We defined early and late postoperative complications as those occurring within or after 1 month postoperatively, respectively. Pulmonary infection was defined as high postoperative temperature (>38 °C), positive sputum culture for bacteria, cough with sputum production, and positive radiological findings. Postoperative complications were shown in Table 3. Early postoperative complications were noted in 27 patients (44.3%) in the OPG-DT group and in 21 cases (40.4%) in LAPG-DT group (χ2=1.366, P=0.928); late complications were found in 1 patient in each group (1.6% vs. 1.9%, χ2=2.773, P=0.096). Each group had 1 patient with a minor anastomotic leak, which was cured by drainage and nutritional support. The patient with anastomotic leak in the LAPG group was administered cefoperazone-sulbactam for antimicrobial treatment. The patient with anastomotic leak in the OPG-DT group developed anastomotic stenosis after 1 month, which was treated with interventional dilatation; unfortunately, anastomotic leak reoccurred after dilatation, which was cured after transnasal placement of an enteral nutrition tube and application of puncture and drainage. The condition was healed after 3 sessions of dilatation. Postoperative pulmonary atelectasis and pleural effusion were found by postoperative CT scans, and most of the patients were asymptomatic. In the OPG-DT group, 4 patients had pulmonary infection, which were treated with antibiotics; 2 patients had moderate pleural effusion, which was managed with thoracentesis and drainage. In the LAPG-DT group, 3 patients had pulmonary infection, which was treated with antibiotics; 2 patients had moderate pleural effusion, which was managed with thoracentesis and drainage. One patient in the LAPG-DT group presented with sudden abdominal pain and vomiting 9 months after surgery and was diagnosed with adhesive intestinal obstruction at the Peterson’s space. After laparoscopic release of the intestinal adhesion, the Peterson’s space was closed. The mesenteric hiatal hernias have been closed since then.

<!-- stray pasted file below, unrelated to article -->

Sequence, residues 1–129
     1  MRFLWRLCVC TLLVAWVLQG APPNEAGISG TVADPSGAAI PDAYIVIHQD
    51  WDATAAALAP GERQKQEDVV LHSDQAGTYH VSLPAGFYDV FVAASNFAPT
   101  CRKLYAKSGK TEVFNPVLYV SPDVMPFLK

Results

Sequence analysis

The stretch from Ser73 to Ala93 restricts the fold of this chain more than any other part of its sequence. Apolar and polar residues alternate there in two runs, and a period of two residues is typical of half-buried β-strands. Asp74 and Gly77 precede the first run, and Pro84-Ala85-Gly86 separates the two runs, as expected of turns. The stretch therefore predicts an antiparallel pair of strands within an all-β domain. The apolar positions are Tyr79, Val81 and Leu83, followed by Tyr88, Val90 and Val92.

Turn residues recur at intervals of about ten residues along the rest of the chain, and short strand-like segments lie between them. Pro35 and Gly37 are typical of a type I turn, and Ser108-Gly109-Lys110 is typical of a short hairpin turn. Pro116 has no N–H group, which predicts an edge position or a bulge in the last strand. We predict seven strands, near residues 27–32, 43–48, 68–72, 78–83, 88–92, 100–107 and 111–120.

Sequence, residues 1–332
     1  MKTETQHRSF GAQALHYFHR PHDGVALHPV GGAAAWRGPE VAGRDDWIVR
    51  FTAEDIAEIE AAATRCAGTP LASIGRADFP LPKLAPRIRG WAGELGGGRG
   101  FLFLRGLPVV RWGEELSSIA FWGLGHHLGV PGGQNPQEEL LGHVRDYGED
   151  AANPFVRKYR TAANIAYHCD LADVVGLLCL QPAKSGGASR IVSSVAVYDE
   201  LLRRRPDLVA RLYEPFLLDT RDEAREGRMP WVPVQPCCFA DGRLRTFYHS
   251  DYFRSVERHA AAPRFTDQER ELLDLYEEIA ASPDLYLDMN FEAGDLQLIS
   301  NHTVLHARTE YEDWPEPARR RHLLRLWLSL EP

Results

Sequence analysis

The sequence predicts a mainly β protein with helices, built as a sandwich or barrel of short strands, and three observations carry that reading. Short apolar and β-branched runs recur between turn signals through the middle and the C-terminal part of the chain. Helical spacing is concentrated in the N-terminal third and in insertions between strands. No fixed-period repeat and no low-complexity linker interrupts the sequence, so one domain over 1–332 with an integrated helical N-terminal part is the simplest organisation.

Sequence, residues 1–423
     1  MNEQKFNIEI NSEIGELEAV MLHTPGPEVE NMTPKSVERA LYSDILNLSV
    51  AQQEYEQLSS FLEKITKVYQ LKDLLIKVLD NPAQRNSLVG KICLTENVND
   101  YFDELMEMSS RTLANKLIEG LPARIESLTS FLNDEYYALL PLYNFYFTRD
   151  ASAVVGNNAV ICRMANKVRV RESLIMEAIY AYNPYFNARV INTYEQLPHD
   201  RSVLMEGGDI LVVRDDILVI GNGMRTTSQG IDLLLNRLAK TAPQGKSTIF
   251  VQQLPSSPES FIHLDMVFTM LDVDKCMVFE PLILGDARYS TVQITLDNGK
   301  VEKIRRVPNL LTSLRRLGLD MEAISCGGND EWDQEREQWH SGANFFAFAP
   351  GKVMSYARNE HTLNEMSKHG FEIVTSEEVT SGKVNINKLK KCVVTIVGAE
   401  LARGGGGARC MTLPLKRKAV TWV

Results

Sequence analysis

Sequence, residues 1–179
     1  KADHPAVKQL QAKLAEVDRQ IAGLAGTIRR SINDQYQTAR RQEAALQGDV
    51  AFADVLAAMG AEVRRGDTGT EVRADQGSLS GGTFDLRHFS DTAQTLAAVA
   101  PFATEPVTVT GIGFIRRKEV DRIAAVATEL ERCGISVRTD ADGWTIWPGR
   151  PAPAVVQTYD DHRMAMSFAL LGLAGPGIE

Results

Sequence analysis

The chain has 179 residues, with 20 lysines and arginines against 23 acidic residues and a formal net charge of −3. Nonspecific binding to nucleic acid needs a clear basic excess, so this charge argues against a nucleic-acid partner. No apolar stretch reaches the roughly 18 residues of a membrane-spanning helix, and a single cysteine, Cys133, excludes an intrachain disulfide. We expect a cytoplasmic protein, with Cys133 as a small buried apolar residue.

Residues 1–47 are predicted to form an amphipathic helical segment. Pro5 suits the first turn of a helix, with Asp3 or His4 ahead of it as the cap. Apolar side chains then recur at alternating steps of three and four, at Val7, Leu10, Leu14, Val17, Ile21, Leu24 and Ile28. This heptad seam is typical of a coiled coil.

Changes in neutrophils and C-reactive protein after surgery